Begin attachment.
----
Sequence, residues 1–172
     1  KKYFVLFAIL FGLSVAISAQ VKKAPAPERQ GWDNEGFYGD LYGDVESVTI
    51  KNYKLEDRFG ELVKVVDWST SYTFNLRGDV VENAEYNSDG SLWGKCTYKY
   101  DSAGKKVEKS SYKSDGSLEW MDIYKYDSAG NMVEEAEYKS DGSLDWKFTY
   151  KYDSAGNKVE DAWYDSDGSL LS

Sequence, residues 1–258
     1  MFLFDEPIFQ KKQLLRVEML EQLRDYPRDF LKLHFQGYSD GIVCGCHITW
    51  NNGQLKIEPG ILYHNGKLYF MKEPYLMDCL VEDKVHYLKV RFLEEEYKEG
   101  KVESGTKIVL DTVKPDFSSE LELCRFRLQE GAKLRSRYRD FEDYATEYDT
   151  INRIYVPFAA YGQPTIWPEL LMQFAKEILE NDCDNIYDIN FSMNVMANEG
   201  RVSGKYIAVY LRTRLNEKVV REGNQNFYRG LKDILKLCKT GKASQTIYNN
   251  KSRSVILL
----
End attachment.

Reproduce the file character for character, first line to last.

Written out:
Sequence, residues 1–172
     1  KKYFVLFAIL FGLSVAISAQ VKKAPAPERQ GWDNEGFYGD LYGDVESVTI
    51  KNYKLEDRFG ELVKVVDWST SYTFNLRGDV VENAEYNSDG SLWGKCTYKY
   101  DSAGKKVEKS SYKSDGSLEW MDIYKYDSAG NMVEEAEYKS DGSLDWKFTY
   151  KYDSAGNKVE DAWYDSDGSL LS

Sequence, residues 1–258
     1  MFLFDEPIFQ KKQLLRVEML EQLRDYPRDF LKLHFQGYSD GIVCGCHITW
    51  NNGQLKIEPG ILYHNGKLYF MKEPYLMDCL VEDKVHYLKV RFLEEEYKEG
   101  KVESGTKIVL DTVKPDFSSE LELCRFRLQE GAKLRSRYRD FEDYATEYDT
   151  INRIYVPFAA YGQPTIWPEL LMQFAKEILE NDCDNIYDIN FSMNVMANEG
   201  RVSGKYIAVY LRTRLNEKVV REGNQNFYRG LKDILKLCKT GKASQTIYNN
   251  KSRSVILL